High Blood Pressure

High blood pressure, also known as hypertension, is a medical condition in which the force of blood flowing through the blood vessels is consistently higher than normal. When not well managed, high blood pressure can lead to heart disease, stroke, kidney disease, vision loss, sexual dysfunction and peripheral artery disease.

"High blood pressure is nicknamed 'the silent killer,"' says Dr. Zubair Ahmed, a cardiologist at Washington Regional Cardiovascular Clinic, part of the Washington Regional Walker Heart Institute. "That's because there usually aren't any symptoms associated with it. People do not know their blood pressure is running high and yet their organs are being seriously damaged from it. That's why blood pressure should be checked regularly."

In addition to having your blood pressure checked at doctor visits, it is a good idea to measure it regularly with a home blood pressure monitor or at one of the free blood pressure measurement machines available at many pharmacies.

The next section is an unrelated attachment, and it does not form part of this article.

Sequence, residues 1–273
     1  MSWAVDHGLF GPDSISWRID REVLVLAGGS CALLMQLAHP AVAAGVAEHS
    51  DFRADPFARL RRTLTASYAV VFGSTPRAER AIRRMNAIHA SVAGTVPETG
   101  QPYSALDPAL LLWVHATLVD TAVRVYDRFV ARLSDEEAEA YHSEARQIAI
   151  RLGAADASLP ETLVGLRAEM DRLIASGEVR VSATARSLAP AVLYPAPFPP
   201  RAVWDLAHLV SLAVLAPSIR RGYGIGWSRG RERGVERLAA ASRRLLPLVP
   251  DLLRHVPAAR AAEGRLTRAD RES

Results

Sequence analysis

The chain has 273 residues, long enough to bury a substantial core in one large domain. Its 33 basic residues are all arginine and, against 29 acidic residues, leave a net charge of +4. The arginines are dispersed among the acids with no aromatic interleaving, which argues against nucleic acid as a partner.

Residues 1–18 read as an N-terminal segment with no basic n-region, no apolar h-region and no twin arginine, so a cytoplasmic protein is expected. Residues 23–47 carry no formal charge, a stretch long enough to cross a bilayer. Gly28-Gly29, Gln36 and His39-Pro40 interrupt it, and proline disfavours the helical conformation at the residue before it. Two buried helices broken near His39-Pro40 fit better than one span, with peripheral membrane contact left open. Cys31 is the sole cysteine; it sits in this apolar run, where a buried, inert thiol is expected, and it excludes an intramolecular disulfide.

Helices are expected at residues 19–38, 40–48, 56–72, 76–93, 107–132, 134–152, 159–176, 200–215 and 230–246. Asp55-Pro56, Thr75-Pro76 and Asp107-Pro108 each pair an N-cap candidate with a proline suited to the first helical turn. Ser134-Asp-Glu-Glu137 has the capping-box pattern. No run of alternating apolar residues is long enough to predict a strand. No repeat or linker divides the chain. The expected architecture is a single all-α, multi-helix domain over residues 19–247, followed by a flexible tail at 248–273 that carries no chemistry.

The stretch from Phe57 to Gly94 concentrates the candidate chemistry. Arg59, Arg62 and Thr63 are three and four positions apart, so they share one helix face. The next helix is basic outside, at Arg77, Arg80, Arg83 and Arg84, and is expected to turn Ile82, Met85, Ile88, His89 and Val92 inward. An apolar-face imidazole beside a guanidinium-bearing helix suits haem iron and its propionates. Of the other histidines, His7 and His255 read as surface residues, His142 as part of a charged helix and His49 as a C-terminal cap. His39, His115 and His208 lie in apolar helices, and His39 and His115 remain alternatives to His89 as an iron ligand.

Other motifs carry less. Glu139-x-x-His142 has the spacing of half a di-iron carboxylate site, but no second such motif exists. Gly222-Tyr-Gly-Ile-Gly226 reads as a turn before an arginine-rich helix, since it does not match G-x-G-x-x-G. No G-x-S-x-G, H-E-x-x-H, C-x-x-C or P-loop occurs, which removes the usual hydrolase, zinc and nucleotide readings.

Blood pressure is recorded as two numbers, a systolic number "over" a diastolic number.

Systolic blood pressure, which is given as the first number, indicates how much pressure your blood is exerting against your artery walls each time your heart beats. Diastolic blood pressure, the second number, indicates how much pressure your blood is exerting against your artery walls while your heart is resting between beats.

Typically, a blood pressure reading less than 120/80 is considered normal. "When the top number, or systolic number consistently hits between 130 and 140, you may be considered pre-hypertensive," Ahmed says. "Any systolic numbers above 140 are considered hypertensive."

Individuals should talk with their primary care provider about ways to lower their blood pressure if needed. "A lot of times, the first step is to modify your lifestyle," Ahmed says. "That would include exercising, improving your sleep pattern, stopping any tobacco use, and eating healthy." Reducing dietary sodium and enhancing potassium intake are also recommended, as is limiting alcohol.

"If those measures are not working, your primary care provider can talk with you about the multiple medications that are available to treat high blood pressure," Ahmed says. "It is a decision that is individualized to a patient's needs and response to therapy."